Brown coal gets greener

AUSTRALIAN scientists have developed a new way to slash greenhouse emissions from brown coal, through the successful trial of a revolutionary process for drying brown coal which can reduce greenhouse emissions from power generation by a third or more.
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The Loy Yang Power Station

Angie Tomlinson

CRC’s (Cooperative Research Centre for Clean Power from Lignite) Mechanical Thermal Expression (MTE) technology removes more than 70% of the water from the brown coals found Victoria and South Australia, resulting in huge greenhouse savings when the dry coal is burnt in a power station.

Brown coal – or lignite – may contain up to two thirds water, producing low energy efficiency, high CO2 emissions and high capital costs in power generation. Offsetting this, reserves are plentiful and estimated to last another 500 years.

MTE dries the coal by a process of mild heating and squeezing, reducing it to a state far more suitable as a feed for efficient power generation.

“Using our technology to dry coal for a new “state of the art” power station, greenhouse gas emissions can be reduced by more than 30 per cent compared to today’s power stations,” says CRC CPL chief executive Peter Jackson.

“Even bigger reductions - over 40% - will be achieved if the dry coal is fed to the next generation of integrated coal gasification combined cycle (IGCC) plants.”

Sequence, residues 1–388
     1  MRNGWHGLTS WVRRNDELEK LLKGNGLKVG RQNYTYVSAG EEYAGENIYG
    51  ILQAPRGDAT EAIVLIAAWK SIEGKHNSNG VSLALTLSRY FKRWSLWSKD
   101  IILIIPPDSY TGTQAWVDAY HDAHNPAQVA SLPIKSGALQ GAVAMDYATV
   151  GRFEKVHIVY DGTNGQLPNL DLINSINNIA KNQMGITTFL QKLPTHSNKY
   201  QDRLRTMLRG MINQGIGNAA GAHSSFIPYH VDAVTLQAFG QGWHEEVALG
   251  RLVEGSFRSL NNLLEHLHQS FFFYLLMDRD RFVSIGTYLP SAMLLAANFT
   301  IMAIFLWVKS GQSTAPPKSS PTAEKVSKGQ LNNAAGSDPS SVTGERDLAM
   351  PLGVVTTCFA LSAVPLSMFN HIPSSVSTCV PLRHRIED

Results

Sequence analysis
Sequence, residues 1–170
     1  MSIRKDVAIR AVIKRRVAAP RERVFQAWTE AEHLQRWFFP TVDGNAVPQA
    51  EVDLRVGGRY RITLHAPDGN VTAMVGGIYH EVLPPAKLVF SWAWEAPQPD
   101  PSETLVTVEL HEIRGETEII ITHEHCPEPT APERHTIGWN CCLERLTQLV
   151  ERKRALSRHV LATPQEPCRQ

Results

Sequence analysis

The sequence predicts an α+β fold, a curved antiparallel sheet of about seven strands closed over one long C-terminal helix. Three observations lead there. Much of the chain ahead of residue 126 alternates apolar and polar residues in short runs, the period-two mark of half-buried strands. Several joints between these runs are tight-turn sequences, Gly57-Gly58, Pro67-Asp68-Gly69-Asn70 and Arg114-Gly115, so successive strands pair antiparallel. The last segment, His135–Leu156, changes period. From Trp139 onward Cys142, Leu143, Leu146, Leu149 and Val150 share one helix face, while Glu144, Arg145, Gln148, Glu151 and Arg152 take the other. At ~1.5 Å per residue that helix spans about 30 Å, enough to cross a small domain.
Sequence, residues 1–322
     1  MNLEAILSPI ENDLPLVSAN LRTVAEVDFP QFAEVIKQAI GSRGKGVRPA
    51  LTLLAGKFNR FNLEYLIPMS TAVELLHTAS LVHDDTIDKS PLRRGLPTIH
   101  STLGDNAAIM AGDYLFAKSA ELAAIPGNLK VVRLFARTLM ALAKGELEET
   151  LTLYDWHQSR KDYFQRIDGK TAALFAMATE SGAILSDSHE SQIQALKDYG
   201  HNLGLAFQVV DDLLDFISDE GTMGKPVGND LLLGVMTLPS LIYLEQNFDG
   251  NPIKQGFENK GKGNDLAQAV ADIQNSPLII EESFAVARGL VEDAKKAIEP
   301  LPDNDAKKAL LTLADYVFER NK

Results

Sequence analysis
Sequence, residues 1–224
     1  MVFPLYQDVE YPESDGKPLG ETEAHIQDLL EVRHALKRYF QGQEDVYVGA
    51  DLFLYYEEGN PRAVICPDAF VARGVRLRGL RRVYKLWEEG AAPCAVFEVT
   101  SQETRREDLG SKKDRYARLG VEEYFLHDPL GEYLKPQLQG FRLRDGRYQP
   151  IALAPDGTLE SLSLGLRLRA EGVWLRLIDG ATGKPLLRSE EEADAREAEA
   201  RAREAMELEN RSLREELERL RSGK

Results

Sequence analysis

Drying brown coal in this way has the potential to far exceed the greenhouse gas savings from the Federal Government’s Mandated Renewable Energy Target Scheme (MRET), saving 9 million tonnes of CO2 a year if applied to remove half of the lignite water in existing power stations, against the MRET target of 6.5 million tonnes, he said.

CRC researchers are now working on a design for a continuous-feed pilot plant capable of drying 15 tonnes of coal per hour, as a test-bed for industrial application of the technology and as a forerunner to a commercial scale demonstration plant.

The research has also identified potential uses for the large amounts of water removed from the coal by the MTE process. The MTE product water could readily replace some of the lower quality water requirements in a power station - such as cooling water make-up and ash pond water - thus reducing the consumption of fresh water.

The CRC plans to extend trials to include overseas lignites and low-rank coals, with a view to developing export markets for its patented MTE technology.